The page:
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RSS Feeds   Tags: feeds, rss, rss_feeds, tutorial  

A quick guide to using RSS feeds.
Last Updated: Feb 12, 2013 URL: http://libguides.miami.edu/rss Print Guide RSS Updates

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You can now subscribe to your favorite subject guides by clicking on the RSS Updates button near the top of the guide:

You will be notified when a new resource is added to the LibGuide and every time the guide is updated.

RSS Feed Readers

The first thing you need is a Feed Reader.You can sign up for any of the free feed readers below. NewsGator has a special companion software called "NewsGator Inbox"; it integrates itself with your desktop version of Microsoft Outlook. Read the step-by-step guide under "How-to's, handouts, & presentation."

 

What do I look for?

Look for any of the following RSS symbols. These symbols indicate that there is an RSS feed available.

 

What is RSS?

RSS, commonly known as Really Simple Syndication, is a popular method for sharing content without requiring readers to continually visit a web site to see what's new. Based on XML, RSS breaks web sites into discrete chunks of information, such as a single news story a single blog post. Users subscribe to online content using a RSS feed reader or aggregator which checks subscribed web pages and automatically downloads new content.  RSS feeds allow you to pull content from many different sources—a web page, blogs, databases, etc.—into one web page, allowing users to quickly and easily access the new material from sites that interest them.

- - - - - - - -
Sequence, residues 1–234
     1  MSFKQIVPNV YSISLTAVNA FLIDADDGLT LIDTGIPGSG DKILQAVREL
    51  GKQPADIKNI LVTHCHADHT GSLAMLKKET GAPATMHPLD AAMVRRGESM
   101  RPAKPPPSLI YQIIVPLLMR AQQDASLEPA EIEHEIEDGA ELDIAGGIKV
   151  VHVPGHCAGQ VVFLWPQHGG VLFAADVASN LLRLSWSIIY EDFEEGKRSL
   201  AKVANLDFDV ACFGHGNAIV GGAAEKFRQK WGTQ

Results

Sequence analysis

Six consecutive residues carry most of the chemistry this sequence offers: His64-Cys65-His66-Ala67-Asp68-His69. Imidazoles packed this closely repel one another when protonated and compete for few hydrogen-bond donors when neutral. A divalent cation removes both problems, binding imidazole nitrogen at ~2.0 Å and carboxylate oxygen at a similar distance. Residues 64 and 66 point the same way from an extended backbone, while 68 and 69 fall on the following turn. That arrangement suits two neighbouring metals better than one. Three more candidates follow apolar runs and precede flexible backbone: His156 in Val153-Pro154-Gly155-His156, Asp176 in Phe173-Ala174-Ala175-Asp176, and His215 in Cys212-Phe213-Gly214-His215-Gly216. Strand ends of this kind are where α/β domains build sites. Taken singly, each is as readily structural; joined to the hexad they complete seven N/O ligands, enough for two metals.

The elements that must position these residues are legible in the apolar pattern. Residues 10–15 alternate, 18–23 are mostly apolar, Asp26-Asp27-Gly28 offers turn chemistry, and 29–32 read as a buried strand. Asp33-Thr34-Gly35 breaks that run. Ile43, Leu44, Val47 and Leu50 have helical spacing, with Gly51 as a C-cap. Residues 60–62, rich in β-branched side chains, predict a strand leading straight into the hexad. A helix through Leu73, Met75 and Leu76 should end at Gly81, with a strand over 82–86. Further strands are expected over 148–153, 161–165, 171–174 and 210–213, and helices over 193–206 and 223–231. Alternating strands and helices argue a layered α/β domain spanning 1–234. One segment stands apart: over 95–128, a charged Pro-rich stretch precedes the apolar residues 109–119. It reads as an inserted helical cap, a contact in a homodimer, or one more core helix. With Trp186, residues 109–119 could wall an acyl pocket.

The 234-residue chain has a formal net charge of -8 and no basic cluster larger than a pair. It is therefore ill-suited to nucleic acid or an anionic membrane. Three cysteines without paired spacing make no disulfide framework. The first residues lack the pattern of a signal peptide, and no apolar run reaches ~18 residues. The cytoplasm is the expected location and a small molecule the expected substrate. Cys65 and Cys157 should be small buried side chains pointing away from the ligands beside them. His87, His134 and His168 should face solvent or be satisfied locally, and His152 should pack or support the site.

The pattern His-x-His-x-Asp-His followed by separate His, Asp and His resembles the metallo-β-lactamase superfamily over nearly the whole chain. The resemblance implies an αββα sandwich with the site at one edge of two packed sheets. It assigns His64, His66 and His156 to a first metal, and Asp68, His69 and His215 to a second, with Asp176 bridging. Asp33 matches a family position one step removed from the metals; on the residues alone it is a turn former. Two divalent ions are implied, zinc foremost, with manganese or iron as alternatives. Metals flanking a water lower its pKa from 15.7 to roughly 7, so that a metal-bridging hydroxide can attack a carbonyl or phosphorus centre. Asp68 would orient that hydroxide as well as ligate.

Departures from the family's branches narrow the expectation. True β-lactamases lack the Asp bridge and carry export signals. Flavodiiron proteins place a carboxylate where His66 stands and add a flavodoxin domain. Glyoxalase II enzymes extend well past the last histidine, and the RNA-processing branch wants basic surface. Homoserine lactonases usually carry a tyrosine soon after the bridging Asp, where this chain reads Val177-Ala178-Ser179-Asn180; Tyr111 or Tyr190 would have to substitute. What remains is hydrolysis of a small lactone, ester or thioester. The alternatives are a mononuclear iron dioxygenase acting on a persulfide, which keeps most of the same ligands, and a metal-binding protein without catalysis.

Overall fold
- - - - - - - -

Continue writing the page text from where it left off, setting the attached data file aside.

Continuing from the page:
RSS Feeds in Plain English

CommonCraft created this brief (3:44) video that explains RSS Feeds in plain English.

 

RSS Feeds and Databases

NB: It is best to add a journal table of contents feed from your campus computer; this will give you access to the full text content should you want to access it from your reader.  Also, in some cases, database platforms will ask you to create a free account in order to create your feed; the handouts specify which databases require this.


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